Insights & Information

Living God’s word through small-group ministry


After more than 30 years, Rick Reynolds walked away from the church he pastored to reach even more gypsy communities in Romania for Christ as a full-time missionary.

While he and his wife, Peggy, raise support for their eventual move to Romania, he has a new ministry here in Kernersville, N.C., at Triad Baptist Church.

Reynolds began part-time work at Triad July 17 as the new head of the church’s Connect Groups small-group ministry — the first of three new temporary positions that Pastor Rob Decker created to fill gaps created by the departure of Radiate high school ministry and former Connect Groups Pastor Jared Hoots.

The others are: Adam Wingate, head of the new Triad Baptist Church Leadership Institute (the new name for the church’s partnership with Piedmont International University in its E-412 master of arts degree program, and Triad’s Saturday Bible Institute); and Jason Shuler, the church’s new part-time recreation director and leader (along with Decker and church member and retired chaplain and former pastor Allen Ferry) of a Sunday evening service returning Sept. 10. Wingate and Shuler began work Aug. 1. All three report to Decker.

Look for profiles of Wingate and Shuler in the next two issues of Connections as the second and third installments of this new three-part series.

In addition to his years serving as pastor, Reynolds leads a Connect Group for parents of teenagers at Triad, leads the SNAC (Sunday Night Adult Class) seconds steps class in the masters series on discipleship and substitute teaches for Jason Johnson in the Doulos Sunday School Class.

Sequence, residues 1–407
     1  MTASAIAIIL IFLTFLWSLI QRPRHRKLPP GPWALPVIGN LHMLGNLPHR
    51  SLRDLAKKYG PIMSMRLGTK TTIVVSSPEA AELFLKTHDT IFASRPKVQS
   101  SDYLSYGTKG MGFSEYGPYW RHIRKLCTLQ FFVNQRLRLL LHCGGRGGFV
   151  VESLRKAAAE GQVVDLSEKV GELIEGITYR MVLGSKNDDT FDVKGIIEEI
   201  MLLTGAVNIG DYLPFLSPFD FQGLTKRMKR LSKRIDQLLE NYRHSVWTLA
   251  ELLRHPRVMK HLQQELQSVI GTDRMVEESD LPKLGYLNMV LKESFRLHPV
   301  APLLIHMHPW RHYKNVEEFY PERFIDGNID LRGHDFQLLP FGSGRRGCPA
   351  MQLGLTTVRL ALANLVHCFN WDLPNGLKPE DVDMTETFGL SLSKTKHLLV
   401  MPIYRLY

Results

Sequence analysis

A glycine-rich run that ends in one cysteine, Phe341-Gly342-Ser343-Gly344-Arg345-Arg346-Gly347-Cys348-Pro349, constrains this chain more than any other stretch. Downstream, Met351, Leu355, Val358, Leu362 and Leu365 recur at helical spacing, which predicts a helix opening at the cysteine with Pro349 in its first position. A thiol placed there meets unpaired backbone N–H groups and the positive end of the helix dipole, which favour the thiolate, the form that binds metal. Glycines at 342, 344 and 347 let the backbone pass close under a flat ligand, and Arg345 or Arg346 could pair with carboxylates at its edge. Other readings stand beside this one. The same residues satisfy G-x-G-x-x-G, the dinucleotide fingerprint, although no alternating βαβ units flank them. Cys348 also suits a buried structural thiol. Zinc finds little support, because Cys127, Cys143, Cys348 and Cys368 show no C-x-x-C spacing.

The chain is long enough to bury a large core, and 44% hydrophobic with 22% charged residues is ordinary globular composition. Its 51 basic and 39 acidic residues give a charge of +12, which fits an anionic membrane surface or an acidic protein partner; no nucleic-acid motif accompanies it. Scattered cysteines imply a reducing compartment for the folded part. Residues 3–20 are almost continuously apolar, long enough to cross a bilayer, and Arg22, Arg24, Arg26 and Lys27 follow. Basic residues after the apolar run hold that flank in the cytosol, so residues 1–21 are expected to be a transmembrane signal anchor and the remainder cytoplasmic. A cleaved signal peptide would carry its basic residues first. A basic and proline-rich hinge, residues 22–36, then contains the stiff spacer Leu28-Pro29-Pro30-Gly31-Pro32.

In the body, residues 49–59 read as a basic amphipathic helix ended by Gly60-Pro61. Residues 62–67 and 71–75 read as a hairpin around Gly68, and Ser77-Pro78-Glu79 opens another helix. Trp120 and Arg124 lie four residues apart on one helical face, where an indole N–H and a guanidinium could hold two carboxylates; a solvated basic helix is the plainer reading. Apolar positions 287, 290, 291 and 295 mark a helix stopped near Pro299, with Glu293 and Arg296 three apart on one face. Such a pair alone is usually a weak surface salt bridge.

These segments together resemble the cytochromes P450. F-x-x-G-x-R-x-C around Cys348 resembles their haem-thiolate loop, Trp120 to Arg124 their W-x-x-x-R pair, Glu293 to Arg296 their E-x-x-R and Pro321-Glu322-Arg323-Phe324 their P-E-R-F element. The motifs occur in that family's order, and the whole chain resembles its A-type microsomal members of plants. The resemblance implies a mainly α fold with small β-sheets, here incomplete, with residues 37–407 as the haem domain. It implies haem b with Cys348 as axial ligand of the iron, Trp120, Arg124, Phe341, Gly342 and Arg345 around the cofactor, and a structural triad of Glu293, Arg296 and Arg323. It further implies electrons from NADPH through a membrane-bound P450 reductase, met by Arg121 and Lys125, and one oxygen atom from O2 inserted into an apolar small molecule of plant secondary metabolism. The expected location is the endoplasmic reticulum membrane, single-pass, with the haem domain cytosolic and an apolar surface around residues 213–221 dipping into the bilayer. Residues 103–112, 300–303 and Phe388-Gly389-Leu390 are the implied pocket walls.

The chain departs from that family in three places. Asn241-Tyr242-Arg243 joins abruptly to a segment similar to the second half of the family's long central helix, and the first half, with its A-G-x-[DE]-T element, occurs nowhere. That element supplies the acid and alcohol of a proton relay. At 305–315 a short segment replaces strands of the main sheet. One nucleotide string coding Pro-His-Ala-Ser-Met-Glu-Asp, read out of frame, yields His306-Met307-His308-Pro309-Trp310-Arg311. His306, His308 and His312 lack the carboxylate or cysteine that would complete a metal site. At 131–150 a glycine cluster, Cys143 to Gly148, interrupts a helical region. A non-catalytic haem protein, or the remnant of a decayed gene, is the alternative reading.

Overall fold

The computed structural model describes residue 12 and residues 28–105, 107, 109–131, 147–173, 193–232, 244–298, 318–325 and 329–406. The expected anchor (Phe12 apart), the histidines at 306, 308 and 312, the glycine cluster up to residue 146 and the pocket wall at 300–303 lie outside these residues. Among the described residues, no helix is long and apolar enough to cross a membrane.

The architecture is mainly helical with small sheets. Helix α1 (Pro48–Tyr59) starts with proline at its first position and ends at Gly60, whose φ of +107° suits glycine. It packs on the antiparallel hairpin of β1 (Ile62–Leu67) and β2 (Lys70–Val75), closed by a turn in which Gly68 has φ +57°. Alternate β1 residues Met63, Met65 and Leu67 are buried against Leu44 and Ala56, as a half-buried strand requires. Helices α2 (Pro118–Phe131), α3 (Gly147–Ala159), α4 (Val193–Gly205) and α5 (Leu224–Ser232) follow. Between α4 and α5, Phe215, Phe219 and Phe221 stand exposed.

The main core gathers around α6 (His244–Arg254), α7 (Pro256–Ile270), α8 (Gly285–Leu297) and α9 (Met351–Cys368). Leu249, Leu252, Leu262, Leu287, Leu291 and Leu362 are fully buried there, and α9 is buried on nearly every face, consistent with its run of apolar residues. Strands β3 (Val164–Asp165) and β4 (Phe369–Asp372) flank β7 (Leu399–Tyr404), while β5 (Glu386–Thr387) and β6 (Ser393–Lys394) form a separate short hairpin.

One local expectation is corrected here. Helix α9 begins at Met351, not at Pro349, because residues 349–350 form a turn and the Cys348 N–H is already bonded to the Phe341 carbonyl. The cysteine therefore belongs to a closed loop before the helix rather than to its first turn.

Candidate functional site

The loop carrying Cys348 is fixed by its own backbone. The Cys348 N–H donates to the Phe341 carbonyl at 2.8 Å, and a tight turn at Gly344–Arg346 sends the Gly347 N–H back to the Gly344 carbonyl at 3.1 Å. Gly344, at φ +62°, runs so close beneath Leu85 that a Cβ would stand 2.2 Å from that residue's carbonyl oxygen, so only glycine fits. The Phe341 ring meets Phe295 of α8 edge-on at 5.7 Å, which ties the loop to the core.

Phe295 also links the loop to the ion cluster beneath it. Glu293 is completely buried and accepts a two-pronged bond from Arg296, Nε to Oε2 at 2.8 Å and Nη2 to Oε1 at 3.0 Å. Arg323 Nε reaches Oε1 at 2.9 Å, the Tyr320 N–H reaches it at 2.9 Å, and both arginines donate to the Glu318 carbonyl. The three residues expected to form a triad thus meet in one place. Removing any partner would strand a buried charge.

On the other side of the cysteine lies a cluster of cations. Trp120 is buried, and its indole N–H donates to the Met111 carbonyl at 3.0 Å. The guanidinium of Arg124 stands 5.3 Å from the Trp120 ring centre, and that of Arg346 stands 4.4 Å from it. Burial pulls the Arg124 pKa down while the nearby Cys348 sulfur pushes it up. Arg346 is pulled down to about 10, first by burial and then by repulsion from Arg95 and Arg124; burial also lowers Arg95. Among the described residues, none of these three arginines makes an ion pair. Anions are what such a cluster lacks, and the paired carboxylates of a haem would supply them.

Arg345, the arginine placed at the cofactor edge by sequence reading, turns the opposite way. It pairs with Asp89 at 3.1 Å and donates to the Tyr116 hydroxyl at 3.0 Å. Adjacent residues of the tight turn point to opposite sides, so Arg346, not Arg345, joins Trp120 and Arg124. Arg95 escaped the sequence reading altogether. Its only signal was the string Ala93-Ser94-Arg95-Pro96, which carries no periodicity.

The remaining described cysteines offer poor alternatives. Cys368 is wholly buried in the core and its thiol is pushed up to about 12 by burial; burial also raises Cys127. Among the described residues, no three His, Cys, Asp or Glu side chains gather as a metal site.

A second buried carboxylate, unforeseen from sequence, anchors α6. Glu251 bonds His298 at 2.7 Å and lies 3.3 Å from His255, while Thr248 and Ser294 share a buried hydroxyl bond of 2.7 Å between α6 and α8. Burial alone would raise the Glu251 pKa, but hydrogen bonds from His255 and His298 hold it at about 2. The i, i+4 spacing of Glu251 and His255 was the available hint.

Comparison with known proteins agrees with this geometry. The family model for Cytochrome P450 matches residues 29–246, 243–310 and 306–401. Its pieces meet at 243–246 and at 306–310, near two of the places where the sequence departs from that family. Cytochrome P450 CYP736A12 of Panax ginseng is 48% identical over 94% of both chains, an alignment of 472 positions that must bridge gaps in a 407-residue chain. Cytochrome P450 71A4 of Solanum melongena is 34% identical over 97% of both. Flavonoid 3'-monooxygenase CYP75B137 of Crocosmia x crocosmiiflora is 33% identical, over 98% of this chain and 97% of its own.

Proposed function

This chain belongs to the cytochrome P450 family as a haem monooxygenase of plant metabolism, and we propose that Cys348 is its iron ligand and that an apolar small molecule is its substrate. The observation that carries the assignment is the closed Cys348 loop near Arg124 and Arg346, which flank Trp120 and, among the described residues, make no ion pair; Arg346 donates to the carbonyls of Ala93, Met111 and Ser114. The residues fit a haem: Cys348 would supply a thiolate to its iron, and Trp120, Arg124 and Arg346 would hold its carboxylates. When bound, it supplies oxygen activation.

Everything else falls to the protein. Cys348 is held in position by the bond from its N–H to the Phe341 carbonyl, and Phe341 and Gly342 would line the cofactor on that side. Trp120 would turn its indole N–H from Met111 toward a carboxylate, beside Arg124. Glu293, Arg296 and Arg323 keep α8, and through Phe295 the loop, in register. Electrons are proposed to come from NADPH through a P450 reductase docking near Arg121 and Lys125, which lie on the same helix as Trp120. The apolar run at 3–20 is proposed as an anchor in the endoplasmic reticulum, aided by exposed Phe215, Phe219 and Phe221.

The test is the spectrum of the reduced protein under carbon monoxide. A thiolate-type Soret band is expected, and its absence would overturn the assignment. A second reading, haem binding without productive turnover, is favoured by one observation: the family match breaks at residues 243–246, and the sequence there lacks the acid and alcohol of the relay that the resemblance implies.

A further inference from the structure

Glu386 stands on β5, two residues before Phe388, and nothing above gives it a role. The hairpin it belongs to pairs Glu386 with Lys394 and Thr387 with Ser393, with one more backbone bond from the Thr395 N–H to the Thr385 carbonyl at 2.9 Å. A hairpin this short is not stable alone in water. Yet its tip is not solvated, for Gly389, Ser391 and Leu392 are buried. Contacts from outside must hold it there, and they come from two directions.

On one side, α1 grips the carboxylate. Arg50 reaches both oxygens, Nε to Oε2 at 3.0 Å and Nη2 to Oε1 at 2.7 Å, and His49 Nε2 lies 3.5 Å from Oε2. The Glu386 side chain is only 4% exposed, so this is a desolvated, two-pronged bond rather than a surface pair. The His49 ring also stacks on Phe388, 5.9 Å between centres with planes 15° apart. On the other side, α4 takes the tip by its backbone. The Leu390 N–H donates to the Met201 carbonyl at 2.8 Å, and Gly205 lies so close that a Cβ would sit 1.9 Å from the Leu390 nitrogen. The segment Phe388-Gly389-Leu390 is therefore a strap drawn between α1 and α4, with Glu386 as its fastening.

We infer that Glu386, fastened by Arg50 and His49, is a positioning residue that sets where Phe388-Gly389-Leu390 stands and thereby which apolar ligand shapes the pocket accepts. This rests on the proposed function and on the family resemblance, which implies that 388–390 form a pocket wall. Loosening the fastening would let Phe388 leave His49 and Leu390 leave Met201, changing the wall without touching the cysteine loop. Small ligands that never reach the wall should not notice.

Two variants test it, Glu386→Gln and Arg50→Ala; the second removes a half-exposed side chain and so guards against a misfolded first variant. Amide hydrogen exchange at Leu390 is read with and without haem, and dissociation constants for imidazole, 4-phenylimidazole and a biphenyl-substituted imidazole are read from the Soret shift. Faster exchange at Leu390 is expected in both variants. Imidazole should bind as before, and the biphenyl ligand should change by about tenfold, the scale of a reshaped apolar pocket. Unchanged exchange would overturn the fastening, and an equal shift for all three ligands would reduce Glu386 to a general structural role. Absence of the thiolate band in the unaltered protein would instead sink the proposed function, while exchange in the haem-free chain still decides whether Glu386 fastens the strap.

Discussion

Decker said that Reynolds’s experience made him a good choice for the Connect Groups position and leader of a ministry Triad relaunched based on principles from Larry Osborne’s book “Sticky Church” — designed to help churches better keep their members and plug them into roles acting on their faith so they can serve and grow spiritually.

“Rick understands Connect Groups and the ‘Sticky Church’ philosophy of small-group ministry,” Decker said. “We’ve taken that and added the importance of encouraging some kind of evangelistic outreach in each group because, while our small groups are for members, we think it’s important to challenge people to share their faith outside the church and for there to be an evangelistic component as well to small-group ministry.”

Triad’s next 10-week Connect Groups session begins Sept. 23.

Connect Groups are ‘perfect place” for discipleship

“It’s exciting to be asked to lead the connect groups here at TBC,” Reynolds said. “I believe Connect Groups are the basic foundation for accomplishing the call of God on our life, both individually and corporately [Matt. 28:18-20]. Our call is to make disciples, and small groups are the perfect place for this to happen.”

Reynolds said he’s fortunate to be able to follow Hoots who revived the ministry after taking over in 2015 — attracting 300 members in the revived ministry’s first year alone. The church currently has 24 groups and is adding three more in the next session, including those for parents of preschoolers and for singles.

“A key component of TBC small-group ministry is the coordinated effort to discuss and make application of Pastor Rob’s weekly messages for developing a greater connection between God’s word and daily living,” Reynolds said. “Through this format, every group is moving towards a greater understanding of the strength of the word in everyday living.